rest of the army passes. When a stream is too rapid for such a bridge, they form a suspension bridge by hanging from a friendly branch, and when wafted across by a breeze, they firmly anchor on the opposite shore, thus allowing the rest to cross in safety, and swing over themselves when the others have all crossed.
|THE MATERIAL VIEW OF LIFE AND ITS RELATION TO THE SPIRITUAL.|
ASSISTANT PROFESSOR OF PHYSIOLOGY, YALE MEDICAL SCHOOL.
WE live in a material age. Old beliefs are being supplanted by what seem to be new truths. The student finds on every hand vast volumes of learning bequeathed to him by those who have labored before him; and he who plunges deeply into this onward-rushing tide of material truths is often startled to find there an undertow sucking away the spiritual foundation. Skeptics, in scorn of latter-day religion, refer to the middle ages as the ages of faith. Christians, half dismayed, ask themselves. Is mankind to be swallowed up in the abyss of materialism?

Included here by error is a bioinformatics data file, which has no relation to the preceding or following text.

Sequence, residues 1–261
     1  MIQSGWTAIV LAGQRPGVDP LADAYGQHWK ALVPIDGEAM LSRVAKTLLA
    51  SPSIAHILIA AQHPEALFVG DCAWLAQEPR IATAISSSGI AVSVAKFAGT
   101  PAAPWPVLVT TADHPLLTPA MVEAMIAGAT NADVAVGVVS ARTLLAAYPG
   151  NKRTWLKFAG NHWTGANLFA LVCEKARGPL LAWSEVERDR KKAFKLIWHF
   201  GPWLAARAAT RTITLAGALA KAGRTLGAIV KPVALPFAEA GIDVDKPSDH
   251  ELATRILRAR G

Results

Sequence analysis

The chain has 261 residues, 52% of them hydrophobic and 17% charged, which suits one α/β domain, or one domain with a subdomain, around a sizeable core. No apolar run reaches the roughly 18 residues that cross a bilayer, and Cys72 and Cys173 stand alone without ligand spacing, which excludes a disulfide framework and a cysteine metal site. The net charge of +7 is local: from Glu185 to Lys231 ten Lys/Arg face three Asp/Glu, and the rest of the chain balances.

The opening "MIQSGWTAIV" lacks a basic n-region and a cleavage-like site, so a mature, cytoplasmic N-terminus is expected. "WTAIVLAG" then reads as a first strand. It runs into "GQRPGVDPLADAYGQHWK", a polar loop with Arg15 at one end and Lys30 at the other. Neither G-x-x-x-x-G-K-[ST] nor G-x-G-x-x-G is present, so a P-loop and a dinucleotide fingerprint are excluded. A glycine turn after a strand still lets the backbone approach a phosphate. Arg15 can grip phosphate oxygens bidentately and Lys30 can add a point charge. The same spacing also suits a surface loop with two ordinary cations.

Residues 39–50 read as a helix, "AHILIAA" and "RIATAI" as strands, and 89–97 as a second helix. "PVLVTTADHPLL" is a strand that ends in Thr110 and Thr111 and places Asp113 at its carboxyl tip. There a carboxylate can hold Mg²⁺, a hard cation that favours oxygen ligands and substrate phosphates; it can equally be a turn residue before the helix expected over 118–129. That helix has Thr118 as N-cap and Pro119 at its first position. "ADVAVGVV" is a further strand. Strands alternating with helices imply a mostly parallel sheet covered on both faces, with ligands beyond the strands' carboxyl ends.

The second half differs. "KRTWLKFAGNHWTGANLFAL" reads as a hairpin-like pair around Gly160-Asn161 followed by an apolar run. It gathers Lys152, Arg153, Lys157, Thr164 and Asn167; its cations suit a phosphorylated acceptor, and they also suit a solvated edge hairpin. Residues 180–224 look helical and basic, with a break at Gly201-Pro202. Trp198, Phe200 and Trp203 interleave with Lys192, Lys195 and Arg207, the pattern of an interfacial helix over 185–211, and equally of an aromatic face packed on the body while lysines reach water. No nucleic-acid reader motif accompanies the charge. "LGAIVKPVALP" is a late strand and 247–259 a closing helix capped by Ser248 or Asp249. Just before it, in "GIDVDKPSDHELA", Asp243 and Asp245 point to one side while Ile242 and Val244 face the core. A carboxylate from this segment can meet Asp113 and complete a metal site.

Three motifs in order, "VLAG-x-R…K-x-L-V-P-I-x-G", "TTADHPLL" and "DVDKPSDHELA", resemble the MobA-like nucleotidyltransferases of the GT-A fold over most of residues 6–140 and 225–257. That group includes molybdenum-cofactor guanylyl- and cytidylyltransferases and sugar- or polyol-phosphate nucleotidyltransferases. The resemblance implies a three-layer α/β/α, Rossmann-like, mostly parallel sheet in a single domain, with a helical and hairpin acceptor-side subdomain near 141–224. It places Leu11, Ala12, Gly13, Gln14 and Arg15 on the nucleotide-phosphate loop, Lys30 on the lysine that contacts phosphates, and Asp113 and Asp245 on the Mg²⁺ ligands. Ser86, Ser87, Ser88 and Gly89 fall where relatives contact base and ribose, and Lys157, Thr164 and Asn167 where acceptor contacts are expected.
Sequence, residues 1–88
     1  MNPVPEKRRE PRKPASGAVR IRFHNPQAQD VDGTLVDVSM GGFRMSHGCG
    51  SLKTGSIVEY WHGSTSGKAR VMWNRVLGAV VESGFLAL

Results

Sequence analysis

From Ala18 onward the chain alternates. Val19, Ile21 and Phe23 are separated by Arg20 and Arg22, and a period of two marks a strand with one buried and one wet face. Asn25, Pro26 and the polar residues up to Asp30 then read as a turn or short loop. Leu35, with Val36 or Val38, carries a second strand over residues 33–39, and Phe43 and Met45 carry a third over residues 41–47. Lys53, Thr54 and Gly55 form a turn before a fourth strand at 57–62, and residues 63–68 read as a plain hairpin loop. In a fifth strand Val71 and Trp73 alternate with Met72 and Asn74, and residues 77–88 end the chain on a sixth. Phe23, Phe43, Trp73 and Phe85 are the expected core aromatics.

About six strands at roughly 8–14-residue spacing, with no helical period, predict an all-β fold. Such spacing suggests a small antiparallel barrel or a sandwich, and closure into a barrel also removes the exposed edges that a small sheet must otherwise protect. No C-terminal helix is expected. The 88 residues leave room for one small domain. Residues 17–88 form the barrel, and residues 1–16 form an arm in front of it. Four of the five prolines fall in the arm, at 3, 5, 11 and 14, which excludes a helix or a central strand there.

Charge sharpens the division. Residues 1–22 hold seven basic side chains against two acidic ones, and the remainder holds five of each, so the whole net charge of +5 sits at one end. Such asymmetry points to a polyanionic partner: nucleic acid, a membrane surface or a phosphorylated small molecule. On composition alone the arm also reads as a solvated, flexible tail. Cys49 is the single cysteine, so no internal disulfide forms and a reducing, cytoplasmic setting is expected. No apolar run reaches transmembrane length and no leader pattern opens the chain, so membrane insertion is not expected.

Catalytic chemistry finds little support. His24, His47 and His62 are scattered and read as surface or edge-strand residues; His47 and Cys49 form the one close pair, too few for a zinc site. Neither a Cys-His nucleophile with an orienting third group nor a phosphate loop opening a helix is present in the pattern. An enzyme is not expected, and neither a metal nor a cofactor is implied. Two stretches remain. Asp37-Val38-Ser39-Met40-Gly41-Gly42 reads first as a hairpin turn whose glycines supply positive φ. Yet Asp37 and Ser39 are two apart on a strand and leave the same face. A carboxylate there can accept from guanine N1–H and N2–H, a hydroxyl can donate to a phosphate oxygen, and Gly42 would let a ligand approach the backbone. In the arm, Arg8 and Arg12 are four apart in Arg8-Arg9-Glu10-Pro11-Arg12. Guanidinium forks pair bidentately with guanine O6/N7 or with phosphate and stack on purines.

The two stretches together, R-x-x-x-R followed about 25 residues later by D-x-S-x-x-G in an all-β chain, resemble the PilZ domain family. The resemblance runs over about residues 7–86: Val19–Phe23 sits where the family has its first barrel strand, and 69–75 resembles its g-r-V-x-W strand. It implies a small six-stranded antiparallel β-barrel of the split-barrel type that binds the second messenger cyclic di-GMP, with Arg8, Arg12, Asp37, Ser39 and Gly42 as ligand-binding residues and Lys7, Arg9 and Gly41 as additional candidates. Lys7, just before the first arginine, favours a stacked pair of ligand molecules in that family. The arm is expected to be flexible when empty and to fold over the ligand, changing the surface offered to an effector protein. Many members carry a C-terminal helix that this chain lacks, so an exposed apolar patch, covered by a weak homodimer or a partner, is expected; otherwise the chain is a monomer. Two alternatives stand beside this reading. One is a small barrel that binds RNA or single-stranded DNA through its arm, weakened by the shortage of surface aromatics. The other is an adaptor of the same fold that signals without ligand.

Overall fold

It is the purpose of this paper to discuss life from a strictly material standpoint, and afterward to show that belief in the material interpretation does not cut one off from belief in the spiritual.
My own ideas have been largely influenced by German thought. Those who have had the privilege of listening to the lectures of Prof. Carl Yoit in Munich will recognize in this paper many traces of his teaching. Through him I received instruction in the material view of life.
The idea of the world held by Aristotle was that all things were made up of certain elementary matter, qualified by four properties—hot, cold, wet, and dry. Matter, with the properties cold and dry, was earth; with cold and wet, water; with hot and wet, air; and with hot and dry, fire. Different bodies varied from each other as they contained different proportions of the properties. These properties could be driven off from matter—that is to say, were separable from matter. Thus, the alchemists of the middle ages thought if they could drive a certain property out of mercury, or put a new one into it, clearly they would produce gold.
In like manner these same principles came into use for the explanation of life. During life there was a property present which departed at death—a living principle, a "vital force."
Galen, who was born at Troy, and who died at Rome a. d. 200,